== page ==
Accepting November 25 as the date on which the appeal period commenced, the final date for timely filing of the subject appeal would have been Friday, December 26.*fn2 The law is clear that statutory appeal periods may not be extended in the absence of fraud or a breakdown in the court's operation. West Penn Power Co. v. Goddard, 460 Pa. 551, 333 A.2d 909 (1975). A delay in filing an appeal may be justified, however, under extraordinary circumstances involving a breakdown in judicial or administrative operations which results in injury to a party. Shander Lounge, Inc. Liquor License Case, 53 Pa. Commonwealth Ct. 468, 417 A.2d 1327 (1980).
[ 69 Pa. Commw. Page 36]
We note that this case involves a deviation from the normal fact situation where an appellant claims entitlement, due to fraud or its equivalent, to pursue an appeal which has admittedly been filed beyond the appeal period. See e.g., Girolamo Appeal, 49 Pa. Commonwealth Ct. 159, 410 A.2d 940 (1980); Delmont Page 36} Borough Annexation Case, 2 Pa. Commonwealth Ct. 496, 276 A.2d 549 (1971). Instead, Appellant here claims that his appeal was received by the court in a timely manner and only appears to be untimely because it was time-stamped on a date subsequent to its actual receipt by the prothonotary. We think that the same type of analysis should be made under both fact situations. Accordingly, it is Appellant's burden to prove that the fraudulent, negligent or wrongful acts of court or administrative officials require that his appeal be deemed timely. Cameron v. Unemployment Compensation Board of Review, 59 Pa. Commonwealth Ct. 567, 430 A.2d 396 (1981). Our scope of review is to determine whether the common pleas court abused its discretion or erred as a matter of law when it dismissed the appeal. Western Pennsylvania Water Co. v. Board of Property Assessment Appeals and Review, County of Allegheny, 63 Pa. Commonwealth Ct. 472, 439 A.2d 1259 (1981).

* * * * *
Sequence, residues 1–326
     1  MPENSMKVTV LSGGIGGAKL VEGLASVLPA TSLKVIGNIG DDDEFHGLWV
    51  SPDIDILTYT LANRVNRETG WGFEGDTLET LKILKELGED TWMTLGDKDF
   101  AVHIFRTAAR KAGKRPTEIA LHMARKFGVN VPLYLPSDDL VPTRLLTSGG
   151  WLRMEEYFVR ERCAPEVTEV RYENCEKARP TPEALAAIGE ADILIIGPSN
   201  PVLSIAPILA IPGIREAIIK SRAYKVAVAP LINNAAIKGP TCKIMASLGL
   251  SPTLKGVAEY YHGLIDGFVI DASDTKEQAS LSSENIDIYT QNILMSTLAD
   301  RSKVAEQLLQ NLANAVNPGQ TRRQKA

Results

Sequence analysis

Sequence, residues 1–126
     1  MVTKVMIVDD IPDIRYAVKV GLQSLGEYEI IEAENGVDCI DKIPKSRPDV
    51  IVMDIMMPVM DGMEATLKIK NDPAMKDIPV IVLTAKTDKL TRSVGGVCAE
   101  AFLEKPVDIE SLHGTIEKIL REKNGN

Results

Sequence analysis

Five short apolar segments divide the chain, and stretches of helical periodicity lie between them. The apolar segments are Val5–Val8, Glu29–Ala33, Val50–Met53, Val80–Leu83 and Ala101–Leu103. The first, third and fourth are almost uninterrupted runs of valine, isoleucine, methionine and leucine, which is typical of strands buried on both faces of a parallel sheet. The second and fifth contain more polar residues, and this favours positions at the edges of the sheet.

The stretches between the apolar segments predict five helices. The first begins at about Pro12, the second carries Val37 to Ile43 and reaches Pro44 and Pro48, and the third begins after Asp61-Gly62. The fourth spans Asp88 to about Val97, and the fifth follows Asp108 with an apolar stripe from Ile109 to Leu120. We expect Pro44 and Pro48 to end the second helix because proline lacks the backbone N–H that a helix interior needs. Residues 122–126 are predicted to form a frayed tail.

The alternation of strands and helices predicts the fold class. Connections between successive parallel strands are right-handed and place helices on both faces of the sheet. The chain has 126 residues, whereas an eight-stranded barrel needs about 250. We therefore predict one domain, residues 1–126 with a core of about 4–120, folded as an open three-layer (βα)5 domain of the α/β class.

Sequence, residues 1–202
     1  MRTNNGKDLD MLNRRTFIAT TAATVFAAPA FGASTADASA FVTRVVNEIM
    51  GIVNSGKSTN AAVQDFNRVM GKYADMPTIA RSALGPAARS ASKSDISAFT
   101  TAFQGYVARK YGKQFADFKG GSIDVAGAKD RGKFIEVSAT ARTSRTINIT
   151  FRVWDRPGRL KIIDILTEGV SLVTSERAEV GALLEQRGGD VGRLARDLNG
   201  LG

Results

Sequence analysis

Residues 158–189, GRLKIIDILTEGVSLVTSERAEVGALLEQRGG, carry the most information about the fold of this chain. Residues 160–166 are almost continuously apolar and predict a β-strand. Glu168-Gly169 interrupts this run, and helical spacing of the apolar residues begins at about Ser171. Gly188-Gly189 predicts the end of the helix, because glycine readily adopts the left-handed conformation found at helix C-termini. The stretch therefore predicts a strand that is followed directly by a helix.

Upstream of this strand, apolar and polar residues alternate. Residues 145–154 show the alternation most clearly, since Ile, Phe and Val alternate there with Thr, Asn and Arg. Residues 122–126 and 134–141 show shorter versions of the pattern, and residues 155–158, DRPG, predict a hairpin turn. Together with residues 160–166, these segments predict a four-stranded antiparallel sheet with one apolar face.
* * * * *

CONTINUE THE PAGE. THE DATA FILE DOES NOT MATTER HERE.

In its opinion, the court of common pleas sets forth Montgomery County Rule of Civil Procedure 1(a) which provides that practice and procedure in the court of common pleas involving appeals from local agencies shall conform to the rules "relating to appeals from administrative agencies of the Commonwealth." Pertinent rules thus adopted by Montgomery County appear at Chapter 15 of the Pennsylvania Rules of Appellate Procedure. Particularly relevant is Pa. R.A.P. 1514(a)*fn3 which provides, inter alia, that:
The petition for review . . . shall be filed with the prothonotary of the appellate court. . . . Upon actual receipt of the petition for review
[ 69 Pa. Commw. Page 37]
'breakdown' required in Pennsylvania to permit the judicial extension of a statutory time limit." We disagree. The prothonotary here is required by rule to immediately time stamp appeals filed with the court. Since there is proof both that the appeal was mailed well before the end of the appeal period and that an office slowdown resulted in the delayed time-stamping of a large amount of mail, we think Appellant has met his burden of showing a breakdown in the court's operations sufficient to prevent the dismissal of his appeal. Appellant should not be made to suffer as a result of the negligence of court officials. See Purdy Estate, 447 Pa. 439, 291 A.2d 93 (1972). Although there is a presumption of the regularity of the acts of public officials, Cameron, we conclude that Appellant has overcome that presumption in the instant case. We, accordingly, hold that Appellant's appeal must be deemed to have been timely filed.
The order of the court of common pleas is reversed and remanded for further proceedings consistent with this opinion.
It is ordered that the order of the Court of Common Pleas of Montgomery County, dated July 28, 1981, is reversed and the matter is remanded for further proceedings consistent with the foregoing opinion.
Reversed and remanded.